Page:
I’d like to embed comments like this

ls -l \
-a \
# comment here
-h \
-t . 

But it seems that’s not possible. Maybe some other variant does exist? Putting a comment right after the backslash or ending a comment with a backslash doesn’t help.


As far as I know, it is not possible, for Bash tries to follow to POSIX guidelines and other standards. Especially:

If a <newline> follows the backslash, the shell shall interpret this as line continuation. The backslash and <newline>s shall be removed before splitting the input into tokens. Since the escaped <newline> is removed entirely from the input and is not replaced by any white space, it cannot serve as a token separator.
Shell Command Language, 2.2.1 Escape Character (Backslash)

Thus, it is not possible because of how the shell parser works:

  • A line starting with # is a comment, and nothing after gets evaluated (including a trailing \)
  • A \ that is not at the end of a line, is not a line skip.

In your script:

ls -l \
-a \
# comment here
-h \
-t .

The comment line is replaced with nothing (i.e. it has no token); and since the command, so far, is valid, and as a newline is met (… -a ↵), the shell runs the ls -l -a command, then the -h -t . command (and does not find a -h binary in your $PATH, so it stops right there.)

  • In your last paragraph, the newline that was met is at the end of the comment instead of after "-a \" I think. – spkersten May 11 '14 at 12:19
  • @spkersten That is true, I have not been clear enough (I used a space character to represent a newline, but I should have used ↵ instead.) Thanks! – Diti May 11 '14 at 12:33

In that situation I usually go with something like

ls -l  -a  -h  -t .  
#  |   |   |   time sort
#  |   |   human readable
#  |   all files
#  long format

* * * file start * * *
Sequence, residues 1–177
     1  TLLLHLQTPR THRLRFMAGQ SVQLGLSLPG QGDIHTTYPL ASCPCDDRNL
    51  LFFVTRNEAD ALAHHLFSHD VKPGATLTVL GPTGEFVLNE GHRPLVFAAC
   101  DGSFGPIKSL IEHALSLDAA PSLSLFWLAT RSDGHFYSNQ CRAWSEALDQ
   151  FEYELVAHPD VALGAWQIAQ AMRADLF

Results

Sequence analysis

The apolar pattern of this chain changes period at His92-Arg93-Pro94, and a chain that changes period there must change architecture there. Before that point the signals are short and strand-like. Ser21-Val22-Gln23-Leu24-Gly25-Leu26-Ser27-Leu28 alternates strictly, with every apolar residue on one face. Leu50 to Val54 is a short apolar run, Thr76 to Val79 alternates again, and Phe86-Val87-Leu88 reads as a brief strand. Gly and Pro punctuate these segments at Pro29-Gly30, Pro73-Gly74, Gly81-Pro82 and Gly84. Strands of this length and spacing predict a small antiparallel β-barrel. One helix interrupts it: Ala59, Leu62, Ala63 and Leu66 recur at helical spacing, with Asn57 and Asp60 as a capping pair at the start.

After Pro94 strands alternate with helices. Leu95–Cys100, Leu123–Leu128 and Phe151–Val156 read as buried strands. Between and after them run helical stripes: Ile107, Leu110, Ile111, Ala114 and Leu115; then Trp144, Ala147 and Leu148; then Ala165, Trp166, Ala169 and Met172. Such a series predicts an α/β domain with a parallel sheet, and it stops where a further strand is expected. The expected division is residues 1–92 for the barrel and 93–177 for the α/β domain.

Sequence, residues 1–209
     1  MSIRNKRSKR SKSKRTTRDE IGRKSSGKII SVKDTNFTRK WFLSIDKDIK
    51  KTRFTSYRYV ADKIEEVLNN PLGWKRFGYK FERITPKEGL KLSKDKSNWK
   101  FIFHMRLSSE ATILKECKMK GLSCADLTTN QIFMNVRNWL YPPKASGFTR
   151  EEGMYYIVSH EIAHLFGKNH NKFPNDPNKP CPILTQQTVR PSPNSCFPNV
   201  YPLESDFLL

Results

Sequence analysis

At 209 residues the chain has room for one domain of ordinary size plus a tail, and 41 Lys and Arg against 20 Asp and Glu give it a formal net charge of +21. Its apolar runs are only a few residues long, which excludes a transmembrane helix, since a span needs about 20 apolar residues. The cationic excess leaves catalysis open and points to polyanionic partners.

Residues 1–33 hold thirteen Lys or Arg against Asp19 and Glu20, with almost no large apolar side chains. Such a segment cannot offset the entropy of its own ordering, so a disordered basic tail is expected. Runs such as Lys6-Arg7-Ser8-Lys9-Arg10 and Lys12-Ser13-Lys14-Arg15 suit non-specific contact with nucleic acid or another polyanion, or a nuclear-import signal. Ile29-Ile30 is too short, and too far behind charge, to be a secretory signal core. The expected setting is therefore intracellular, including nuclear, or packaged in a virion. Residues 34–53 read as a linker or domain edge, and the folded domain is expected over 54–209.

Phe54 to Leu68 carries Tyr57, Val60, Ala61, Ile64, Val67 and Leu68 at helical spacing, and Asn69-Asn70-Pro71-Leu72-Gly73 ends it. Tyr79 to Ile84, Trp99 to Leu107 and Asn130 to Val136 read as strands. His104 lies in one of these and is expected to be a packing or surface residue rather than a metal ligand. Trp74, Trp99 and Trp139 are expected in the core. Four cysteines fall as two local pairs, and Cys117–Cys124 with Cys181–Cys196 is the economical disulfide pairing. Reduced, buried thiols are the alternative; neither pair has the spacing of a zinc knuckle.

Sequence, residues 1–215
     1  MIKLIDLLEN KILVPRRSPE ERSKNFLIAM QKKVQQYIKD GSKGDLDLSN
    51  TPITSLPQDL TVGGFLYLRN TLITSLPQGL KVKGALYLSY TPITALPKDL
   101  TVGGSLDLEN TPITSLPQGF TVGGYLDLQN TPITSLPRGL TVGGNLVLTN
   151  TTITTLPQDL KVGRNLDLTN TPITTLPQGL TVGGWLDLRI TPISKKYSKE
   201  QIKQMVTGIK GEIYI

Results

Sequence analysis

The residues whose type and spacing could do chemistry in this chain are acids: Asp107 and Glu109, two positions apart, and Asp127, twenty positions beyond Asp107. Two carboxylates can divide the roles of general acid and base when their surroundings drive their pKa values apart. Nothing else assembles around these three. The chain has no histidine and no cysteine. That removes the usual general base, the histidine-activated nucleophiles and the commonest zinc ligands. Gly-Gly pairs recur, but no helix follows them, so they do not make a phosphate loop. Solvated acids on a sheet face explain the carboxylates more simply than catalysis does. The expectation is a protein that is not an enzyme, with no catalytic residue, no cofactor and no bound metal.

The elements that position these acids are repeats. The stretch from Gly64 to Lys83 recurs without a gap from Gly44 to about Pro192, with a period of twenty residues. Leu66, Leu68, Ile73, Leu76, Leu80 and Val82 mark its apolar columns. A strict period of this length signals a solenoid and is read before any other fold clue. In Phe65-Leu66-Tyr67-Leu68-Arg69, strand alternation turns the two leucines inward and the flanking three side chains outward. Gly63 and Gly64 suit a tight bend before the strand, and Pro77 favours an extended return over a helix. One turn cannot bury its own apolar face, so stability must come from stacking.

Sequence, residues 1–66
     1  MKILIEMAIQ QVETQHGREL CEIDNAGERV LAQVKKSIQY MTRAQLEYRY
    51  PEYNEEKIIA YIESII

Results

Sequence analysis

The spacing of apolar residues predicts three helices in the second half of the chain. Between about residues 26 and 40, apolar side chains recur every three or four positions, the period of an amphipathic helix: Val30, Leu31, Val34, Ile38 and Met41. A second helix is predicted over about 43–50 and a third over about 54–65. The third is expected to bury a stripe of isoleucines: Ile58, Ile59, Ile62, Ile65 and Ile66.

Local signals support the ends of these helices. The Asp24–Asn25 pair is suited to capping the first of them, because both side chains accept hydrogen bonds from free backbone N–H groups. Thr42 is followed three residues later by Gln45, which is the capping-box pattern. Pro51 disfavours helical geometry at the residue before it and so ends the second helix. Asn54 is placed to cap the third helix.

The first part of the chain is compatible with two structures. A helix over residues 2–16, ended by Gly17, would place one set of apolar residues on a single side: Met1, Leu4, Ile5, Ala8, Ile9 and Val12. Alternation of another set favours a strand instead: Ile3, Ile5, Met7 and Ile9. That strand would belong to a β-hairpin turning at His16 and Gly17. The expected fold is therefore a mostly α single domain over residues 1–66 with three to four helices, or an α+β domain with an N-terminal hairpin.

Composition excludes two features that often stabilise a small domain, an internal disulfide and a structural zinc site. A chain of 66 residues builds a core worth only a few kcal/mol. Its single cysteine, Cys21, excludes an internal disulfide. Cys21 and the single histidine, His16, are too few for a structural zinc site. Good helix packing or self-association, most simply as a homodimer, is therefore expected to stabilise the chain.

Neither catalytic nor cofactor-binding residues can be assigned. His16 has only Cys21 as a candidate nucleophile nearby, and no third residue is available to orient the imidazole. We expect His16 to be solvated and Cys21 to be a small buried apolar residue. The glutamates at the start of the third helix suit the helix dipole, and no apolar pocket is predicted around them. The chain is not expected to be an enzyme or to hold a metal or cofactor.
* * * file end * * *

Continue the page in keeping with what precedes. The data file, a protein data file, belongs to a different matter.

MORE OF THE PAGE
or I use the long form of the argument when they exist e.g. --human-readable rather than -h.

  • 1
    Now imagine that your actual command line consists of multiple parameters with long names each taking a string, so the whole command takes several lines. – tijagi May 11 '14 at 20:04
  • @tijagi In such case I would assign the parameters by groups to variables with meaningful names as is often done in Makefile for instance. You can then interleave variable assignments with comments. – damienfrancois May 11 '14 at 20:11

You can do something like this with an array, which doesn't require continuation characters:

  -l  # long form
  -a  # show hidden files
  -h  # human-readable sizes
  -t  # sort by time

"${ls_cmd[@]}" # run the command from the array

...but for the general case, the answer is no.


Not directly, buy you can put such comments in an array assignment. (This also allows you to split the arguments across multiple lines without using line continuation.)

   # comment here
  -t .
ls "${cmd_options[@]}" 

I don't think you can do this directly, because the comment removal is done before than the back-slash line concatenation, so this does not work

# commenting \
seveal lines

The obvious solution is to use # on every line:

# commenting
# seveal lines

If you want to be creative you can use a dirty trick:

: 'This is almost
a multiline comment'

Not actually a comment, but it does nothing, other than changing the exit code to 0.


it's not possible. Because the backslash is a line continuator and the comment a single character which makes everything on its right ignored until end of line:

ls \
# -l \

the -l will get ignored, the ls command executed and the -h considered as a new command.

Because in C-like languages you have comments with boundaries: /* */ it's possible to place those between token in expression that uses line continuation.


...and it can be done after pipes:

echo "Hello beautiful" | \
# Display match only:
grep -o beautiful

But, otherwise... no.


The posts above do not have a direct solution. However, there is a direct solution that's actually mentioned in even older posts: How to put a line comment for a multi-line command and Commenting in a Bash script.

The solution I like best is:

ls -l `# long format` \
-a `# all files` \
-h `# human readable` \
-t `# time sort`

You will need both the accent grave (`) quotation and the octothorpe (#) to indicate the comment. Use them before the backslash.

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